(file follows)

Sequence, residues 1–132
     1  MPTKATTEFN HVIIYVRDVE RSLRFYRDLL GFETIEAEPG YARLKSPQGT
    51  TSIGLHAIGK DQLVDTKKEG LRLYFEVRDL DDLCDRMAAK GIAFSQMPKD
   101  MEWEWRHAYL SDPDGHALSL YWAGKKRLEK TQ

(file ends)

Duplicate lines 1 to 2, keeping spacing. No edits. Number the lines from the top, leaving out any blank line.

Sequence, residues 1–132
     1  MPTKATTEFN HVIIYVRDVE RSLRFYRDLL GFETIEAEPG YARLKSPQGT